UK Still Struggles To Attract Wealthy Europe-Bound Chinese Tourists

    In an effort to bring in more Europe-bound Chinese tourists, the UK is now mulling over a new plan to streamline its visa application process.
    Jing Daily
    Jing DailyAuthor
      Published   in Travel

    New Visa Proposal Involves "Dual Processing" Of British & Schengen Applications#

    The rising tide of Chinese outbound tourists may be washing over destinations like France and the United States, boosting retailers, hoteliers (and even realtors), but one market that has yet to fully capitalize on this important and growing demographic is the UK. Despite widespread interest — bordering on obsession among some urban Chinese — in Britain, a protracted back-and-forth over the country’s visa policy continues to limit Chinese entries. Currently, British tourism and retail organizations estimate that the UK is losing out on some £1.2 billion (US$1.9 billion) a year from Chinese tourists who travel elsewhere due to visa red tape. As a report from the UK tourism agency VisitBritain recently pointed out, 61 percent of Chinese tourists who decided not to travel to the UK did so because they were frustrated by the visa process.

    Though VisitBritain predicts a 113 percent total increase in the number of Chinese travelers (excluding Hong Kong) over the next eight years -- owing more to the fact that outbound travel is growing as a whole -- and expects the UK to bring in around 300,000 Chinese tourists by 2020, the fewer than 110,000 trips by Chinese tourists to the UK in 2011 is a drop in the bucket compared to the more than one million who visited Paris.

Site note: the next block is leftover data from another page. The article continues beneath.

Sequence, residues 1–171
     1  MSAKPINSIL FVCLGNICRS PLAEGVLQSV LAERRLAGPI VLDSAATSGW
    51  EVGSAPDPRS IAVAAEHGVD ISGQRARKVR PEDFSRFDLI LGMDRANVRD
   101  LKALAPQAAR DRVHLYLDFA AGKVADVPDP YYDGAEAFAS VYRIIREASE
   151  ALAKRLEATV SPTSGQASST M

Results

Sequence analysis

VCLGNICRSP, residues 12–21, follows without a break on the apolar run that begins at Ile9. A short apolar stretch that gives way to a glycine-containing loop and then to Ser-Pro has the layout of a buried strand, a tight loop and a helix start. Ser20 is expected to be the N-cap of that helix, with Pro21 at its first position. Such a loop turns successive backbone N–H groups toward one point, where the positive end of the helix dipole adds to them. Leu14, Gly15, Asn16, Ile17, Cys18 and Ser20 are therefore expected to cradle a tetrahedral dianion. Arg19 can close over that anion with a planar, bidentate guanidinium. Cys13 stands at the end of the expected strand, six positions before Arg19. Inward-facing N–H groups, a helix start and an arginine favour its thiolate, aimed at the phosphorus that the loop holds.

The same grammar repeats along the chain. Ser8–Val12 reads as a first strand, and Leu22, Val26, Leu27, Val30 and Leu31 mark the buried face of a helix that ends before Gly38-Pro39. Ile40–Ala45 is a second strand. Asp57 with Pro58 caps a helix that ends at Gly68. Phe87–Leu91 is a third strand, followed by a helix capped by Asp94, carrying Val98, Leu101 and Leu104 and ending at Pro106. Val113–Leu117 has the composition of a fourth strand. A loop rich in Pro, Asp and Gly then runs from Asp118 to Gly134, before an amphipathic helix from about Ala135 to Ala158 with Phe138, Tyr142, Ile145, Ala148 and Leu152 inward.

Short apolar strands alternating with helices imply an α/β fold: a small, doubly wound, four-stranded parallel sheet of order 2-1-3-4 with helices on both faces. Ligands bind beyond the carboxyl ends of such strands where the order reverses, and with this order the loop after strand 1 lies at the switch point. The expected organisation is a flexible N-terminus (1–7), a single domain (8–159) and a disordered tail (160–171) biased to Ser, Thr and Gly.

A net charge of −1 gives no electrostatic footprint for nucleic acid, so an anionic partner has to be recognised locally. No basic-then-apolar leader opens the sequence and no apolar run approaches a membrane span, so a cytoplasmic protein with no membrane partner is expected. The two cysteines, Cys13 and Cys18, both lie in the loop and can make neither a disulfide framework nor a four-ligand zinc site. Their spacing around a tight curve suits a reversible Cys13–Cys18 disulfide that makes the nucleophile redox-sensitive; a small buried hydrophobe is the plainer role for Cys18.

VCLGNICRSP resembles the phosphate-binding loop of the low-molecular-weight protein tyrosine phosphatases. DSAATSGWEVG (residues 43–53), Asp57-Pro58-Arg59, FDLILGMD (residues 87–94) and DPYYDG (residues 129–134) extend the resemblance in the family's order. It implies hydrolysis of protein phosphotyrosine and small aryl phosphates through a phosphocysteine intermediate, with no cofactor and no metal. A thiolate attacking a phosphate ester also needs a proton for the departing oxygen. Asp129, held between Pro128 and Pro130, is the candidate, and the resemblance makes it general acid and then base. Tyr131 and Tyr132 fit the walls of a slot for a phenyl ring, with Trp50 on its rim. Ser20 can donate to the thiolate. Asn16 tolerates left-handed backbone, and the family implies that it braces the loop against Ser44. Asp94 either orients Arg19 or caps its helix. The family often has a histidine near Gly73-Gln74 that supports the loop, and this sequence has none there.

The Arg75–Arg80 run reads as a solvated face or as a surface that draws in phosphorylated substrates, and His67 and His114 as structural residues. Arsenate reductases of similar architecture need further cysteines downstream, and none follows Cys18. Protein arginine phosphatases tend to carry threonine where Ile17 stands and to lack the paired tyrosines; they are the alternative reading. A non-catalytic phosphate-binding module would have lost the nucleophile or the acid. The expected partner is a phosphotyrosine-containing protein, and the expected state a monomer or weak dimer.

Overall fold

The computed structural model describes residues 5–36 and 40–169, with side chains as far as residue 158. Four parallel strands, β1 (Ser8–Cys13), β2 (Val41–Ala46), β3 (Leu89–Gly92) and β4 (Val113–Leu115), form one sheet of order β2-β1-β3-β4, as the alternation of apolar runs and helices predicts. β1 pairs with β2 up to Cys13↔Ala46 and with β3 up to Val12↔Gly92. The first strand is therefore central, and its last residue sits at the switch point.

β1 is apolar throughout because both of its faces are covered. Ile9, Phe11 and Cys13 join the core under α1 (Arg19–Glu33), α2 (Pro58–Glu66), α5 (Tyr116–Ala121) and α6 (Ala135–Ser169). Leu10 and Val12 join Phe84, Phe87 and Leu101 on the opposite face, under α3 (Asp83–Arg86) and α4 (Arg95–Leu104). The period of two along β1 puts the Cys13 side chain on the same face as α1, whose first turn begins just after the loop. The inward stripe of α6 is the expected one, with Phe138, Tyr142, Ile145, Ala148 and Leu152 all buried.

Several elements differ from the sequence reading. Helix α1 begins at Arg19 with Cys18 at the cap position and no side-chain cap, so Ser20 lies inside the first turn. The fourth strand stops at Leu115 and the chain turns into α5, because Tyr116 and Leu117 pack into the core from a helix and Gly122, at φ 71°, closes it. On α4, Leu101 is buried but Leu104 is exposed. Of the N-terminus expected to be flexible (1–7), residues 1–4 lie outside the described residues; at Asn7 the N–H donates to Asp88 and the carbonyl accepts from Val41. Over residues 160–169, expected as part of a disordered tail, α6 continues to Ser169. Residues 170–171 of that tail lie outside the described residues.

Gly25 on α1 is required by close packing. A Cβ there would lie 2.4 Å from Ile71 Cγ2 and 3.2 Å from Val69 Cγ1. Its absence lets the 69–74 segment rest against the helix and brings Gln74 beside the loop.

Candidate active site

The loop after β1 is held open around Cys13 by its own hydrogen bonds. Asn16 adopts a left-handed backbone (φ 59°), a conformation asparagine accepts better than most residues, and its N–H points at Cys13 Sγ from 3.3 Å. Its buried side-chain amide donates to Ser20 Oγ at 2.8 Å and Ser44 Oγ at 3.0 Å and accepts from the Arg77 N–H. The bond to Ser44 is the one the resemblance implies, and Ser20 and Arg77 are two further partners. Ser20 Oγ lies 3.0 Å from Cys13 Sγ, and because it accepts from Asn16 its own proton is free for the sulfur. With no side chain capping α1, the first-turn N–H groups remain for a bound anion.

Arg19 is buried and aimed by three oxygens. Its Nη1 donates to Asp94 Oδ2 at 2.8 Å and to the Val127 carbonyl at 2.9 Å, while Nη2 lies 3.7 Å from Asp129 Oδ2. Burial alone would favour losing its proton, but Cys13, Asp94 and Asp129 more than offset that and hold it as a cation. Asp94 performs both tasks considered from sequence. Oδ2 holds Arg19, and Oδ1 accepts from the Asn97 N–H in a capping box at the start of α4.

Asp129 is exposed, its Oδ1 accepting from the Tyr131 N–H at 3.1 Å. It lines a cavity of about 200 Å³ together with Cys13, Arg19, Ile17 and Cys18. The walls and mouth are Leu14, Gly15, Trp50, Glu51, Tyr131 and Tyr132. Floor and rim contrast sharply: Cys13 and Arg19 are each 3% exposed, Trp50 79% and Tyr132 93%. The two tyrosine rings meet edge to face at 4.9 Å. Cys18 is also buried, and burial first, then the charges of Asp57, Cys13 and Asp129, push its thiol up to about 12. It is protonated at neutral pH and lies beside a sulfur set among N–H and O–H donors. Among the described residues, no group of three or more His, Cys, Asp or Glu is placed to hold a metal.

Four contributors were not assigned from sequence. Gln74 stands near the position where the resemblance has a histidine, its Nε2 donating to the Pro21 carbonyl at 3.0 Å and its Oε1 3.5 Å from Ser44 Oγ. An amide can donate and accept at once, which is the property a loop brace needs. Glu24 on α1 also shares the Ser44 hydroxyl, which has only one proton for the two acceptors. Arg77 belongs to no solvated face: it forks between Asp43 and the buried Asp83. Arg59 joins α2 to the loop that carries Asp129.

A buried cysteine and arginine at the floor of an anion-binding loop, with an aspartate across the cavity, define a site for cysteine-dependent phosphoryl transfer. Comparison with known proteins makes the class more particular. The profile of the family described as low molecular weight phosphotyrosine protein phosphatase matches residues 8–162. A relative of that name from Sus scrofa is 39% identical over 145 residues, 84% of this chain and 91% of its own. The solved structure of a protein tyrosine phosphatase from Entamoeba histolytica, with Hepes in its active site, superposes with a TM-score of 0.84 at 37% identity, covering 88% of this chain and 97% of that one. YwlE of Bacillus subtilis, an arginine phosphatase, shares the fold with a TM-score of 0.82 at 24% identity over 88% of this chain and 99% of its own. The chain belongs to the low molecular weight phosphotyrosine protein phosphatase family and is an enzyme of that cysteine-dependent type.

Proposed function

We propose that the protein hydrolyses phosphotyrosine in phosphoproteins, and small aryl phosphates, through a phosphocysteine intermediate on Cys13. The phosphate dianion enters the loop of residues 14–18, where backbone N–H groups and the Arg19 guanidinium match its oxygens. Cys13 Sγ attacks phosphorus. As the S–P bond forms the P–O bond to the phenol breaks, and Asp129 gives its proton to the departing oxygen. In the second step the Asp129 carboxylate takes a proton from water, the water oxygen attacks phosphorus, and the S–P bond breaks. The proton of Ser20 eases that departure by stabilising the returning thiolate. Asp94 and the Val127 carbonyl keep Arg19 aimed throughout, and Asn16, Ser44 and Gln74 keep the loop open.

In an effort to bring in more Europe-bound Chinese tourists, the UK is now mulling over a new plan to streamline its visa application process. According to China Daily, this week a proposal was submitted to the UK Border Agency involving an idea for "dual processing" of British and Schengen applications (the latter of which is valid for travel to the 26 European countries that have signed the Schengen visa agreement). So far, owing to national security concerns, Britain has not made moves to join the Schengen system. As part of the new visa proposal, Chinese applicants would only have to submit a single form to receive both UK and Schengen visas.

    As Julia Carrick, chief executive of Walpole British Luxury, said this week, "The new visa plan is very necessary. The applications will still be processed twice, ensuring that the UK border regime is still strong, but two visas will be issued at the same time."

    Despite Carrick's optimism, it's unlikely that any changes to the UK's visa policy will take effect in the short term. As Andrew Osborne, a partner at the UK law firm Lewis Silkin, told China Daily, "The changes being asked for are particularly significant ones...The UK government wants to be assured that people coming here on tourist visas will eventually leave, but once they are in the UK it is difficult to monitor them. So it is easier to check people before they come to the UK." Osborne added that the "dual processing" visa system would in effect pull the UK closer to the Schengen system, a development that Britain has been keen to avoid.

    What we are more likely to see in the short to medium-term, however, is more easily enacted changes to the visa process in Britain, among them forms that can be filled out in Chinese and a more efficient system of processing applications.

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